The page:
Basic Geologic Principles
Some basic geologic concepts are helpful for explaining the origin of rocks that formed in ocean basins or are observable in rocky outcrops along coastlines. Rocks form in many ways, and because the Earth is so old, rocks that may have formed in one location may have been altered or moved long distances from its place of origin.
What Are Minerals? What Are Their Significance?
A mineral is a naturally occurring, inorganic (never living) solid with a definite internal arrangement of atoms (crystal structure) and has a chemical formula that only varies over a limited range that does not alter the crystal structure.
Currently there are about 4,000 known minerals of different chemical composition and internal atomic crystal arrangements (discussed below). However, slightly more than a dozen are considered "common minerals" because of their abundance on the earth surface. Figure 1.87 shows common rock-forming minerals.
In contrast, minerals considered gems are, mostly, exceedingly rare. Most minerals are chemical compounds consisting of two or more elements, however, some elements naturally occur in mineral form including gold, copper, platinum, sulfur, and iron.
What Is the Difference Between a Rock and a Mineral?
A rock is a relatively hard, naturally formed aggregate of mineral matter or petrified matter. Rocks are mixtures and may consist of one or more minerals, but may include organic matter and other non-mineral substances, such as gases and water. Rocks are what makes up the materials of the solid Earth and other rocky planets and moons in the Solar System. The word stone is another common term used to describe rock.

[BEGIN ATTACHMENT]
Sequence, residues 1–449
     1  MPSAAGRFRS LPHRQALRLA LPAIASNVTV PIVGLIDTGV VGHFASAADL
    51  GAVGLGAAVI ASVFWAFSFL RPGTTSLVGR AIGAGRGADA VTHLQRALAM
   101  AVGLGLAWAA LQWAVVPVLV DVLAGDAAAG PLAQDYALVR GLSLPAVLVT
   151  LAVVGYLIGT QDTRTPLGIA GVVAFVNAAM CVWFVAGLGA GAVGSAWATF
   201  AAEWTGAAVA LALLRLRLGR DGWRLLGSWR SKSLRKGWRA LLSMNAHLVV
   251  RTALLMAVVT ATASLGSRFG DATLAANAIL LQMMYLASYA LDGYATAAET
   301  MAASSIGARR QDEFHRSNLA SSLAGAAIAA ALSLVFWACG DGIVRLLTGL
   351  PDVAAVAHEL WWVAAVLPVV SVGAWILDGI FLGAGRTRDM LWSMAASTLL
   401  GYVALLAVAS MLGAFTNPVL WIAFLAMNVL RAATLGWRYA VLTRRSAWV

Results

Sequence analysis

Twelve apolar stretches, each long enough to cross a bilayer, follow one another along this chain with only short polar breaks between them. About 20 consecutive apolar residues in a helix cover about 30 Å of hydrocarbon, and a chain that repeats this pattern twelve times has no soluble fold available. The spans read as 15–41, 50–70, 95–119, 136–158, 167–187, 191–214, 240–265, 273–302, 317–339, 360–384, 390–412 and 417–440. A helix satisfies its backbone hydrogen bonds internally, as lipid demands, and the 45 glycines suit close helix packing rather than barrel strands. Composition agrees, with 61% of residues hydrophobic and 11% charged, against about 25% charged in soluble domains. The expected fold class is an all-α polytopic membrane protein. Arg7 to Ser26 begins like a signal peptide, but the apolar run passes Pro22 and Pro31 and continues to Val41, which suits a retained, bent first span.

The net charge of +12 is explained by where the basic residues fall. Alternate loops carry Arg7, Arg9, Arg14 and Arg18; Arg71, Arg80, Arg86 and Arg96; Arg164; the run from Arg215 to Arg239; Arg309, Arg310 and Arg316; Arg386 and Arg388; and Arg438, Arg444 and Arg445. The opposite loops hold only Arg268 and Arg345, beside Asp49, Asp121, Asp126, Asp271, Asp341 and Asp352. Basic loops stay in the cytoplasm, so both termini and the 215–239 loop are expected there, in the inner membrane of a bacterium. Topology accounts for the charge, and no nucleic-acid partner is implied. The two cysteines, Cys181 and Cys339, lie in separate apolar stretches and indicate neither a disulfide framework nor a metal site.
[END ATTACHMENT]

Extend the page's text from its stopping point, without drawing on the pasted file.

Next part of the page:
Rocks consist of one or more minerals. Figure 1.88 shows how minerals can be combined to form different kinds of rocks that form under different environmental conditions.
The mineral composition of a rock reflects the physical environment and geologic history where a rock formed. Rock form in a variety of geologic setting ranging from locations on or near the earth surface, deep underground, or even in outer space. Most of the rocks we see on the surface of our planet formed by processes that happened long ago. However, we can see these processes that form rocks actively taking place in many places today. Rapid rock formation can be seen happening such as lava cooling from a volcanic eruption in places like Hawaii or Iceland. However, most rocks we see around us form very slowly in settings that may not be visible on the land's surface. Slow processes creating rocks can be inferred by observing reefs growing and accumulating in the oceans, or sediments being carried by flowing water in streams or moved by waves crashing on beaches. We can see sediments being deposited, but we cannot see them turning into stone because the process may take thousand or even millions of years.
The mineral composition of a rock reflects the physical environment and geologic history where a rock formed.